Gean v. Charlotte Mecklenburg Schools
ORDER granting 43 Motion to Dismiss ; affirming 48 Memorandum and Recommendations. Plaintiffs Amended Complaint re: 41 is dismissed without prejudice and the Clerk of Court is directed to close this case. Signed by District Judge Robert J. Conrad, Jr on 8/8/2017. (Pro se litigant served by US Mail.)(eef)
IN THE UNITED STATES DISTRICT COURT
FOR THE WESTERN DISTRICT OF NORTH CAROLINA
CIVIL ACTION NO. 3:15-CV-00275-RJC-DCK
THIS MATTER is before the Court on Defendant’s Motion to Dismiss Plaintiff’s
Amended Complaint, (Doc. No. 43), and the related pleadings; the Magistrate Judge’s
Memorandum and Recommendation (“M&R”), (Doc. No. 48); Plaintiff’s objections, responses
and letters related to the Magistrate Judge’s M&R, (Doc. Nos. 49, 50, 53–56); and Defendant’s
Reply to Plaintiff’s Objections to the Magistrate Judge’s M&R, (Doc. No. 52).
Pro se Plaintiff filed several objections, responses, and letters related to the Magistrate
Judge’s M&R (Doc. Nos. 49, 50, 53–56). As part of these filings, Plaintiff continues to assert she
has submitted all required documents and proof of discrimination against her, and further requests
the Court review all relevant facts and evidence presented by Plaintiff. See (Doc. Nos. 49, 55).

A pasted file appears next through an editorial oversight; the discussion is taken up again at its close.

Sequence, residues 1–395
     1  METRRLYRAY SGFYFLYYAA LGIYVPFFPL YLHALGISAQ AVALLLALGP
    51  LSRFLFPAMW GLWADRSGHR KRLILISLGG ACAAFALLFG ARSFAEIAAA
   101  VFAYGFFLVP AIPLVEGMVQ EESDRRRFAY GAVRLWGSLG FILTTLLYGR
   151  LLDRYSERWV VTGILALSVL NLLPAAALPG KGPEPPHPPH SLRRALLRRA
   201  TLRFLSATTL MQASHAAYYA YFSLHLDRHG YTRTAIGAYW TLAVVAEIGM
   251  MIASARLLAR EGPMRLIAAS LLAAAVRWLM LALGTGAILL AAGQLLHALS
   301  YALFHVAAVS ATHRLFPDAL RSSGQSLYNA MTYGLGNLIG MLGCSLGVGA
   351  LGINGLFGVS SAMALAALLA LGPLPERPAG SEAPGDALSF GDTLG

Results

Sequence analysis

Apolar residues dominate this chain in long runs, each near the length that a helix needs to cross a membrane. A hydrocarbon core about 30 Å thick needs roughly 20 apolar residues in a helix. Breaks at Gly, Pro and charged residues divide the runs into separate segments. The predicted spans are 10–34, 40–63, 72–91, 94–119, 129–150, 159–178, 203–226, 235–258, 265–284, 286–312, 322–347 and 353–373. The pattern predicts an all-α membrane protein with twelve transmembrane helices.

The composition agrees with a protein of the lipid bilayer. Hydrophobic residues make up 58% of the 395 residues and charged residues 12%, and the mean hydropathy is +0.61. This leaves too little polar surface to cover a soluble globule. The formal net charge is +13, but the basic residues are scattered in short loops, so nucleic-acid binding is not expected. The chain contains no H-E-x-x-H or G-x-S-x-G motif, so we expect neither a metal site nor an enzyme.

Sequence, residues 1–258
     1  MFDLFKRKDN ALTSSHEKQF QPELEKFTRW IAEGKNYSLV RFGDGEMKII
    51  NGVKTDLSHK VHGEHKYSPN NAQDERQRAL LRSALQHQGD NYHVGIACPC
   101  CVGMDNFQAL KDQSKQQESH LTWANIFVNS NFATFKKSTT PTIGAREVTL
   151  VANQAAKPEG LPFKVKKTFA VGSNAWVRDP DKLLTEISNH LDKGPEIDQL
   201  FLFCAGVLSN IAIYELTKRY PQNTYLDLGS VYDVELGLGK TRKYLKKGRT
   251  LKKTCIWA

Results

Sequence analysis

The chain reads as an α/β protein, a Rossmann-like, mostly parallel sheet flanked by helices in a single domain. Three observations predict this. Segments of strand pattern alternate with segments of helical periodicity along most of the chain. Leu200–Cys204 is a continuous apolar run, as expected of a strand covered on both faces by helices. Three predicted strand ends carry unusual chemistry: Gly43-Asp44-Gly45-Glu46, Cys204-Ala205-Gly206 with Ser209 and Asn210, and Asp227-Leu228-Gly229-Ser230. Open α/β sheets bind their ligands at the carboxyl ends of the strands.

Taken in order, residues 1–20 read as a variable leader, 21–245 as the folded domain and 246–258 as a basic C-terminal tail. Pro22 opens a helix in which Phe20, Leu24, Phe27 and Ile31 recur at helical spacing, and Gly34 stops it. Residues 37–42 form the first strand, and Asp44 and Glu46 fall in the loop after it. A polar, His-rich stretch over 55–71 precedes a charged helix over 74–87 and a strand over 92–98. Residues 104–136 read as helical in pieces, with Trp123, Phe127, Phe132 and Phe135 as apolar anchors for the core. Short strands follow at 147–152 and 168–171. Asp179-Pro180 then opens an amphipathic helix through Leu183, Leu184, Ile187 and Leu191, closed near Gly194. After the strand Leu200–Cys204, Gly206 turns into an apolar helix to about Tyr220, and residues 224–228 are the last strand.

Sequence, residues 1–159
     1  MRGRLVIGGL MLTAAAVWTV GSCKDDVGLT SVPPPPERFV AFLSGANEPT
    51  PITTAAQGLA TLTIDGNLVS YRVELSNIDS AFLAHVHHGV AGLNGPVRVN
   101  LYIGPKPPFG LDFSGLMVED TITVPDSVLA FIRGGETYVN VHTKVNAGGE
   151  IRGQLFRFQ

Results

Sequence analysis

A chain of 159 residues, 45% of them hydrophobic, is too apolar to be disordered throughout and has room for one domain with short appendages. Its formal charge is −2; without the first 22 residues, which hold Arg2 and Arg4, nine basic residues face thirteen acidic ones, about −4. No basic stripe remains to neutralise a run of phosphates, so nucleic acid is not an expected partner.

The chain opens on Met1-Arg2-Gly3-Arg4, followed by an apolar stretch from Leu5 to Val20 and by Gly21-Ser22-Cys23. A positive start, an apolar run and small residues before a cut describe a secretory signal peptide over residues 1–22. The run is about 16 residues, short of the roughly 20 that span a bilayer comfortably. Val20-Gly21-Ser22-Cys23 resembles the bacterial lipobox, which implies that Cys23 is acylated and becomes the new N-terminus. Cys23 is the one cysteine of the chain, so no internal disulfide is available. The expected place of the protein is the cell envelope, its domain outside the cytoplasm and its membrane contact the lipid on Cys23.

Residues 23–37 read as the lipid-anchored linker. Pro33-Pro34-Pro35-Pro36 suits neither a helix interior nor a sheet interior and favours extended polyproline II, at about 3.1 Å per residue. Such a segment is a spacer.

Nevertheless, after a close review of Plaintiff’s contentions, the Court adopts the factual and
procedural background as set forth in the M&R.
STANDARD OF REVIEW
A district court may assign dispositive pretrial matters, including motions to dismiss, to a
magistrate judge for “proposed findings of fact and recommendations.” 28 U.S.C. § 636(b)(1)(A)
and (B). The Federal Magistrate Act provides that “a district court shall make a de novo
determination of those portions of the report or specific proposed findings or recommendations to
which objection is made.” Id. at § 636(b)(1)(C); Fed. R. Civ. P. 72(b)(3); Camby v. Davis, 718
F.2d 198, 200 (4th Cir. 1983). De novo review is not required by the statute when an objecting
party makes only general or conclusory objections that do not direct the court to a specific error in
the magistrate judge’s recommendations. Orpiano v. Johnson, 687 F.2d 44 (4th Cir. 1982).
Further, the statute does not on its face require any review at all of issues that are not the subject
of an objection. Thomas v. Arn, 474 U.S. 140, 149 (1985); Camby, 178 F.2d at 200. Nonetheless,